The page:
California State Treasurer Fiona Ma had hoped to get charges against her dismissed in a sexual harassment suit that dates back to early 2020, calling the charges "baseless" when they were filed two years ago. But a judge in Sacramento has ruled that Ma will have to stand trial.
The lawsuit was brought by former state employee Judith Blackwell, who had served as executive director of the California Tax Credit Allocation Committee until she was fired in January 2021. She filed suit six months later, claiming both that Ma sexually harassed her when the two shared lodgings together in the early pandemic, and that she was wrongfully terminated for refusing Ma's advances.
Blackwell further alleged that she was discriminated against because of her race — she is Black — and because she became disabled after suffering a stroke in September 2020.
As the Chronicle reports, Sacramento County Superior Court Judge Christopher Krueger ruled today that Ma will need to face a jury in the case — potentially derailing her plans to run for Lieutenant Governor in 2026.
Judge Krueger ruled that there was evidence to support the claims of sexual harassment and discrimination, but dismissed the wrongful termination charge, saying that Ma had presented ample evidence that there was cause to justify Blackwell's firing.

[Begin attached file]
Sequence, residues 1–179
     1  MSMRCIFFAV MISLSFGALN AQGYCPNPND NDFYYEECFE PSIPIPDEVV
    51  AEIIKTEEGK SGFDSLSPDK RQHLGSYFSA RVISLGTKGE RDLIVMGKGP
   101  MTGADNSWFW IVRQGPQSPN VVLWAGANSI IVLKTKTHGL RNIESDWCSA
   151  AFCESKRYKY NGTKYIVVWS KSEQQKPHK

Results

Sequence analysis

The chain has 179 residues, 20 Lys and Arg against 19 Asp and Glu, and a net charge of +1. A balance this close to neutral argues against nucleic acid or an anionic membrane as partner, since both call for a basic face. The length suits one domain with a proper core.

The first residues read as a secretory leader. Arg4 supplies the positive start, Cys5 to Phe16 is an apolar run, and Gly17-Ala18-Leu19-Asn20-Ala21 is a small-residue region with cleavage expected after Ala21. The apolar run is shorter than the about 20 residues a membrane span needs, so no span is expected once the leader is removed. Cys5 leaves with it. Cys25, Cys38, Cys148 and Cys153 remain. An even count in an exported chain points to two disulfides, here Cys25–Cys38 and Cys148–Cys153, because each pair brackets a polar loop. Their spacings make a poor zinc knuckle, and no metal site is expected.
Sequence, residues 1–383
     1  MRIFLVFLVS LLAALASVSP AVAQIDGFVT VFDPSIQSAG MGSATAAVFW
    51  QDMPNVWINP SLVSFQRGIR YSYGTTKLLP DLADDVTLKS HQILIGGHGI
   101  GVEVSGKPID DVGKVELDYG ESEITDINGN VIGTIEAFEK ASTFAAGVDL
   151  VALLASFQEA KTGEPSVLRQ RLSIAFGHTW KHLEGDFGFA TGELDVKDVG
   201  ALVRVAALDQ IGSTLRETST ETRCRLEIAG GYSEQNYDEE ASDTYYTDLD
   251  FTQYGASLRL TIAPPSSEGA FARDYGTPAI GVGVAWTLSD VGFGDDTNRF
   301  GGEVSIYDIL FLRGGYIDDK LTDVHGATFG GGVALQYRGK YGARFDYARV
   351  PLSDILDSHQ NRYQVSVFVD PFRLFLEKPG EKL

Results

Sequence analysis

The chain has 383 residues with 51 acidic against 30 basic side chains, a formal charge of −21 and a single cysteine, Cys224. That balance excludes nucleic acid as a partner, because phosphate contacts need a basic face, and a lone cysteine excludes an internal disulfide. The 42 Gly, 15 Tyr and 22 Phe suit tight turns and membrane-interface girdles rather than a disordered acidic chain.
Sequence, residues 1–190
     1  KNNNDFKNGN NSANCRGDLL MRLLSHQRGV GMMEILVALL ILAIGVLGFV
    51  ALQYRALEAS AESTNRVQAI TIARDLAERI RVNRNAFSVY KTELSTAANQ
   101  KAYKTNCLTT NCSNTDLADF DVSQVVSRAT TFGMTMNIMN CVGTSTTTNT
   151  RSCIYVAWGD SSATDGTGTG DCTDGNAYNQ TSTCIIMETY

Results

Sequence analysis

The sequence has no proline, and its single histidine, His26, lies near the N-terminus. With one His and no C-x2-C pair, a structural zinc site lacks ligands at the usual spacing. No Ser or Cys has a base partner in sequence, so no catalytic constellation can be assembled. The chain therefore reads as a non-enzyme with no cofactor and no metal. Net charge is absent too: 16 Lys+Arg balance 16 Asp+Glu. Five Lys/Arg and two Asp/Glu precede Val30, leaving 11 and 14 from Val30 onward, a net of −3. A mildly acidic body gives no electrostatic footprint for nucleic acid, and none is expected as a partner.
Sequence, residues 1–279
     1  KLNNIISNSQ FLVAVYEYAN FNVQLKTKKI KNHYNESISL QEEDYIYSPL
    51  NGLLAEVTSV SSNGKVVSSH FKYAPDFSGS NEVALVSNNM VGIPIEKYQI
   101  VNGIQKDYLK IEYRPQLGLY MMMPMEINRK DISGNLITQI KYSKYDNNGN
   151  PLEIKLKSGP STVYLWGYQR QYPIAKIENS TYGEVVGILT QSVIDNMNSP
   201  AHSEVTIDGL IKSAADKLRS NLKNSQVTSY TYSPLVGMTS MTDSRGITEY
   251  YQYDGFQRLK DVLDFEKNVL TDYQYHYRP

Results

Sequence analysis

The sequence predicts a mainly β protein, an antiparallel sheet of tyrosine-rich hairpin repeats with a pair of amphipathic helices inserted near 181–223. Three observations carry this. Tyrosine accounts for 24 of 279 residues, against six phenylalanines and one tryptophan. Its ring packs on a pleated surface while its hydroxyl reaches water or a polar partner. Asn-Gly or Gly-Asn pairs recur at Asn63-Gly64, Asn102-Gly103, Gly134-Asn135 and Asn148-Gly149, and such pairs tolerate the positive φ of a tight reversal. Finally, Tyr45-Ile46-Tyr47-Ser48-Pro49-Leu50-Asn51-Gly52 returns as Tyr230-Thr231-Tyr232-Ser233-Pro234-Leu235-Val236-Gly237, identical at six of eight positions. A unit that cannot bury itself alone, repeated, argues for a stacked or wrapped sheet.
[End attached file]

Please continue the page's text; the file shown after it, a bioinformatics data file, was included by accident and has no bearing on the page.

Blackwell's case recounts how she was invited by Ma to get a hotel room, at the state's expense, in the same Sacramento hotel where Ma and her chief of staff were sharing a room in February 2020. Ma would later end up sharing a room with Blackwell, and then she, the chief of staff, and Blackwell shared an Airbnb that spring while continuing to work together.
Blackwell alleged that Ma exposed her bare backside on multiple occasions, and summoned Blackwell to her room while half-dressed three times, climbing into bed with her once. Ma has stated that these were all non-sexual situations.
Judge Krueger noted in his ruling that Ma herself admitted to the actions described, and suggested a jury might see evidence of harassment. He further ruled that a jury may see proof that Ma made comments of a discriminatory nature in the office, and dismissed other Black employees without cause.
The Sacramento Bee did its own investigation into Ma's practices of renting hotel rooms in the capital while she has maintained a home in San Francisco. It found that she "often" shared rooms with employees in order "to save money," but she also reportedly charged the state more for her travels between SF and Sacramento than any other elected official.
Regarding the harassment and discrimination charges, a spokesperson for Ma, Steve Maviglio, said in a comment to the Chronicle,"As the treasurer has said repeatedly, we look forward to having these meritless allegations being dismissed."
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